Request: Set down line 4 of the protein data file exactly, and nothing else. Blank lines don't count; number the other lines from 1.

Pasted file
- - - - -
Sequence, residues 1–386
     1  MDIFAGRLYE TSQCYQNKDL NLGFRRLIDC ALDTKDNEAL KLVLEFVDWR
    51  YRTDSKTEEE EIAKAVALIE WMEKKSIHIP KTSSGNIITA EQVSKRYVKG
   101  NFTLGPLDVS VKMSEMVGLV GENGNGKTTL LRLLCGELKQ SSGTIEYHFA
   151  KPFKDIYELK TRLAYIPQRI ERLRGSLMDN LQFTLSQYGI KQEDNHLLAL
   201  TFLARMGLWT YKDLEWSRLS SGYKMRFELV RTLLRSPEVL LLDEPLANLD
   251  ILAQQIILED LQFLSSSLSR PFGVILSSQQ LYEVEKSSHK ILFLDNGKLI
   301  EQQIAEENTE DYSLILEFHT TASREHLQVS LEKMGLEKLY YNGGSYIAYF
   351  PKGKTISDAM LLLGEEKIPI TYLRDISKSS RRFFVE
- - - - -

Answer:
   101  NFTLGPLDVS VKMSEMVGLV GENGNGKTTL LRLLCGELKQ SSGTIEYHFA